Received Date: May 12, 2016; Accepted Date: June 24, 2016; Published Date: June 27, 2016
Citation: Geleta B, Makonnen E, Abay SM (2016) N-myc Downstream Regulated Gene (NDRG): Role in Cancer Metastasis Suppression and as Drug Target in Cancer Therapeutics. J Cancer Sci Ther 8:154-159. doi:10.4172/1948-5956.1000407
Copyright: © 2016 Geleta B, et al. This is an open-access article distributed under the terms of the Creative Commons Attribution License, which permits unrestricted use, distribution, and reproduction in any medium, provided the original author and source are credited.
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N-myc downstream regulated gene (NDRG) is, a ubiquitously expressed, a family of cytosolic proteins consists of four members, NDRG1-4. It plays and important role in cancer such as aberrant expression, tumor suppressive, metastatic suppressive and oncogenic functions. In this review, we comprehensively present the expression as well as the clinical and pathological significance of NDRG in human cancers. NDRG1 one of NDRG family which is a ubiquitously expressed protein localized in different tissues of the body, especially breast. It may act as a central regulator of multiple signaling pathways that modulate tumor progression. NDRG2 is expressed in brain, gastric, pancreatic and prostate cells. NDRG3 is highly expressed in testis, prostate, muscle and ovary. Whereas, NDRG4 is highly expressed in brain, hear and colorectal cells. NDRG is down-regulated and associated with the incidence, progression and prognosis of diverse cancers. It is associated with tumor incidence, progression, and metastasis. NDRG has low expression in cancer patients, whereas, inducement of NDRG activity has metastatic suppression effect and also increased in apoptotic effect through increased p53 activity. Metastasis is the spread of a cancer from one organ or part of the body to another not directly connected with it. NDRG is negatively correlated with tumor progression in multiple neoplasms, being a promising new target for cancer treatment. Hence, a drug that has a capacity to enhance an activity of NDRG has a potential to be considered as anti-metastatic agent.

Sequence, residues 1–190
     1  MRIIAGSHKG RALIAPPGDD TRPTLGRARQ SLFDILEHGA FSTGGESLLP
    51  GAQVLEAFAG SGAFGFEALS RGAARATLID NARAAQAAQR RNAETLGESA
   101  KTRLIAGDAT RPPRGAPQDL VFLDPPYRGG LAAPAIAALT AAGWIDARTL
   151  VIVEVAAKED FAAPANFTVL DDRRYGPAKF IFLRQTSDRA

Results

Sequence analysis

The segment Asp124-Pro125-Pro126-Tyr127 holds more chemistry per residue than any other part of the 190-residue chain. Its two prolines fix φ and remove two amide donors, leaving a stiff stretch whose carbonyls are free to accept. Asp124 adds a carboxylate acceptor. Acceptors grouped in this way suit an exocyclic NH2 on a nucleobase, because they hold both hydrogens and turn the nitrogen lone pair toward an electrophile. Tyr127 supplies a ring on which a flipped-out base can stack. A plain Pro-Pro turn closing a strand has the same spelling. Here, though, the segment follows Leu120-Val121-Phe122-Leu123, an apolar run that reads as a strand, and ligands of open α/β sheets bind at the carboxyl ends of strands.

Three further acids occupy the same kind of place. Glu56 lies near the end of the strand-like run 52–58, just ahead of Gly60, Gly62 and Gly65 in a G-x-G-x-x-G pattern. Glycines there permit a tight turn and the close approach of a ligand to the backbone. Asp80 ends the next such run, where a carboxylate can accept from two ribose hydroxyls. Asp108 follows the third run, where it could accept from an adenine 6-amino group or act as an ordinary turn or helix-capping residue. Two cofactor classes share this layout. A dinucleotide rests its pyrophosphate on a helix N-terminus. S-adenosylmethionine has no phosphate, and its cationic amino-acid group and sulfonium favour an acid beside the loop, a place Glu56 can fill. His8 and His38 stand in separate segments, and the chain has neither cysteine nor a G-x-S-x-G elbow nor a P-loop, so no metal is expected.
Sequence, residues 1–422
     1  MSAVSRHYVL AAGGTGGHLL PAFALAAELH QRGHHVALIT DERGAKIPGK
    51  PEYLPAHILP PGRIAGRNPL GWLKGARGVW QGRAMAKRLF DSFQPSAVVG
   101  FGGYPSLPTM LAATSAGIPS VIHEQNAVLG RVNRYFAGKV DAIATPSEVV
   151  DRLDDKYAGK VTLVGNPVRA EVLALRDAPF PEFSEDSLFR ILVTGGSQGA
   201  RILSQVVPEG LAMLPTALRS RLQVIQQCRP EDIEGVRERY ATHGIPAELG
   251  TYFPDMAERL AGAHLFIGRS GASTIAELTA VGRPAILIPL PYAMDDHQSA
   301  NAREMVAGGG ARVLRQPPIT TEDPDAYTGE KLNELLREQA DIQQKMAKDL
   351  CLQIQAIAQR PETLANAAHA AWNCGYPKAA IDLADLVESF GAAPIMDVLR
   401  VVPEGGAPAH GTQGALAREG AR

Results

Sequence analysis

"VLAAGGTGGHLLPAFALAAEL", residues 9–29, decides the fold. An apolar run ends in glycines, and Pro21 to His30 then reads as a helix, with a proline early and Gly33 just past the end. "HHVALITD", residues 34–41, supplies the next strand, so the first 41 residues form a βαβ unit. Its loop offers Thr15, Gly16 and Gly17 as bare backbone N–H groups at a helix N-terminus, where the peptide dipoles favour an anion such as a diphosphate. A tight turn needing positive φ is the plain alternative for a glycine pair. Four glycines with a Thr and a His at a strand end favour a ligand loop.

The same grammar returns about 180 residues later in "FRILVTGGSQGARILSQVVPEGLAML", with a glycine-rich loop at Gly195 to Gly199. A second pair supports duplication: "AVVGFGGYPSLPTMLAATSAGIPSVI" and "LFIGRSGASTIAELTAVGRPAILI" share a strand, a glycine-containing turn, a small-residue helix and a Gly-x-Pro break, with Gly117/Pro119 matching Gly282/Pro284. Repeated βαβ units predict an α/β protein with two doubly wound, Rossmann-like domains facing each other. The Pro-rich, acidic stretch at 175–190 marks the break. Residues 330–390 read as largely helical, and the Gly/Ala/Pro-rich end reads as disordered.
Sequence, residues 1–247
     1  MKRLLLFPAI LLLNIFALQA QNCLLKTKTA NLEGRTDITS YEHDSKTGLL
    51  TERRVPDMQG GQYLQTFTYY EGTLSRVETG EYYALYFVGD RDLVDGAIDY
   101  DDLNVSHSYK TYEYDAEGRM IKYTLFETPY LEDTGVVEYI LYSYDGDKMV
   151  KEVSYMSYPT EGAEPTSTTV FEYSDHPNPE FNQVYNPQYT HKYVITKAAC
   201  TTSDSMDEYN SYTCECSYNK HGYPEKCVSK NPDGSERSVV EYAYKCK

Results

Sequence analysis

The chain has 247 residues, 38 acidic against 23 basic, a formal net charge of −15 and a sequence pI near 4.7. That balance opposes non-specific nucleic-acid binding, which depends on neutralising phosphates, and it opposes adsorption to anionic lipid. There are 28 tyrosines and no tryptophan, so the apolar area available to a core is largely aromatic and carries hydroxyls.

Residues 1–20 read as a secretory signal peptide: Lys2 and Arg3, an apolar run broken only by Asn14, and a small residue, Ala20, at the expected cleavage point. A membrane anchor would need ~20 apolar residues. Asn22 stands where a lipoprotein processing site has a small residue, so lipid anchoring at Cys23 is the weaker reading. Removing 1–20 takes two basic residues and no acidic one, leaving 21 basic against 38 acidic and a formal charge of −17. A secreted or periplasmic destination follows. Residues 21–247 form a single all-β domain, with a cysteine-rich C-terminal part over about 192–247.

NDRG; Cancer; Metastasis; Drug target; Cancer therapeutics
The N-myc downstream regulated gene (NDRG) is a protein family consists of 4 members, NDRG1, NDRG 2, NDRG 3, and NDRG 4, which share 57-65% amino acid identity. Human NDRG1-4 is located on chromosomes 8q24.3, 14q11.2, 20q11.21-11.23, and 16q21-q22.1, respectively. Different names have been designated to the different family members, and each gene is transcribed into multiple isoforms with distinct mRNAs. These proteins are well conserved through evolution and NDRG1 is the first member to be discovered and responsible for the family name, because its expression is repressed by the proto-oncogenes MYCN and MYC [1-3].